Effective Communications Tip of the Week
Comment on Puff Pieces
who product public relations materials for clients often face the challenge of drafting a news article or feature that has
at least a snowball’s chance in hell of passing through the electronic Hades of a news editor’s desk. The editor’s
desk/computer is loaded with articles and each one (to him) is of equal news value. Puff Pieces are among the first
to make it to the round file or to experience the delete key. Positive Aspect stories at least have a fighting chance
of making it in print or on screen.
A positive aspect article differs from a puff piece primarily in that the PA is written strictly
according to standard journalistic style. It promotes only the positive side of the person or organization; it is a legitimate
news story told in the traditional manner.
A puff piece jumps from straightforward reporting right into unabashed praise. The writers generally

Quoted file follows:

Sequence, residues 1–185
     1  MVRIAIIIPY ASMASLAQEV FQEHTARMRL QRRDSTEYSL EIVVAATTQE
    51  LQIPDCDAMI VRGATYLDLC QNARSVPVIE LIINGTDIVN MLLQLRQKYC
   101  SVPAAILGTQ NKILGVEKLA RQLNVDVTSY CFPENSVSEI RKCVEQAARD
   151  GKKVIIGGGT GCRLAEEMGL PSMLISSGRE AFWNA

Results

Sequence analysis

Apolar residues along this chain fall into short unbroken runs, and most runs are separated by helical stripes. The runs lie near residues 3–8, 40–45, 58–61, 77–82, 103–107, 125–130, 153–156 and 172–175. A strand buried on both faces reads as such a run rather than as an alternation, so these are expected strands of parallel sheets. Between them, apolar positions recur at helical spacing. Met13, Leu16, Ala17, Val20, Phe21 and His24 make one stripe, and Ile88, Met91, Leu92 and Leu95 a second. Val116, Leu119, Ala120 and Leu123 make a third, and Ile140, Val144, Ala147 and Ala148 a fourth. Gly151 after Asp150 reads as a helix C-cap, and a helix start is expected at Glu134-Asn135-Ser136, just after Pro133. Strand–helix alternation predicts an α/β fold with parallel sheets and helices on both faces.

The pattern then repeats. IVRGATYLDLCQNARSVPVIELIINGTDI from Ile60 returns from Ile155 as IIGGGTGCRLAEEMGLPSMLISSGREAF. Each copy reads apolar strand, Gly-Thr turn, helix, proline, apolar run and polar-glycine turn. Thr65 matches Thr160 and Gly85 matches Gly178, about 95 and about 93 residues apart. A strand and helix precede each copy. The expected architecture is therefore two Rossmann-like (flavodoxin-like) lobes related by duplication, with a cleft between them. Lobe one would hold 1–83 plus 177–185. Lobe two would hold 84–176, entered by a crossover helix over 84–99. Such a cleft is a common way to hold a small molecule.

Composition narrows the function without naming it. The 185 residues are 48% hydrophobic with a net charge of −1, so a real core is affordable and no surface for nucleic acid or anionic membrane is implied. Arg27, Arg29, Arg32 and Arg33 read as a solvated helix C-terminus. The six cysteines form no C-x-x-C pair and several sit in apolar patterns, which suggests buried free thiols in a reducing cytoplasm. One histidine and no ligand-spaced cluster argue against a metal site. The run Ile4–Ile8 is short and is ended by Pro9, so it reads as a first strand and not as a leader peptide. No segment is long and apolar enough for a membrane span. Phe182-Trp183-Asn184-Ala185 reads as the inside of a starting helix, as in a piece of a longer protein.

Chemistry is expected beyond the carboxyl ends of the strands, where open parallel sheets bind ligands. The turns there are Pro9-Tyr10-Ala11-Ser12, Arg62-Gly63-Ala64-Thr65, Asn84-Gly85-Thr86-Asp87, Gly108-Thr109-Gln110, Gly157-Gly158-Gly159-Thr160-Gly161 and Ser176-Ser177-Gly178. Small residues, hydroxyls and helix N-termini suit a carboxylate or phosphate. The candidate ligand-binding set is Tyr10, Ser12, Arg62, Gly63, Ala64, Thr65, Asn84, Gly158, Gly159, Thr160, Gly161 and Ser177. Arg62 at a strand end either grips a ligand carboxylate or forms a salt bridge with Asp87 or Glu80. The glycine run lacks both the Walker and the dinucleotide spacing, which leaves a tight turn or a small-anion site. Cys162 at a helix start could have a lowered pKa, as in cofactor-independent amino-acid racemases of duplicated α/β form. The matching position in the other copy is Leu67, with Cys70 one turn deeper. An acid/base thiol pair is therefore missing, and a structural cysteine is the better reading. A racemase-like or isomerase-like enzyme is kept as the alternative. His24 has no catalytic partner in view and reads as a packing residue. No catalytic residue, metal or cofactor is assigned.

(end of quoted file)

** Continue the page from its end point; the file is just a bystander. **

don’t follow an accepted stylebook. They often use first names throughout the piece. Unnecessary and inappropriate adverbs
and adjectives are often tossed out like Mardi Gras throws from a parade float.
For example, a puff piece might read:
"Bob is a terrific boss and we can go in to see him with a problem any time. We think
that's really cool."
A writer who wants the piece to have a lifespan beyond the editor’s, “Bah Humbug!” will follow appropriate
maintains a good rapport with his staff by managing the office with an open door policy."
Notice that the puff piece and the positive aspect piece say
the same thing. The difference is that the latter will possibly see life in print. The first version will be terminated with
is mostly a matter of style, although sometimes the puff piece will slip into
falsehoods. "Bob supports women's rights in the office place" is pretty hard to believe when everyone in the community
knows he refers to his universally buxom female staff as "My little groupies."
The biggest problem with a puff piece is that it is so obvious. The
editor knows his publication will suffer from a loss of credibility. The writer knows this, too. Sadly, Bob (the swell boss)
often doesn’t. Unless his craving for puffery is held in check, ultimately
he is the one whose puffed up bubble bursts the loudest.
Quote of the Week: “The devil’s
boots don’t creak.” Scottish Proverb
Recommended Reading: The Chicago Manual of Style
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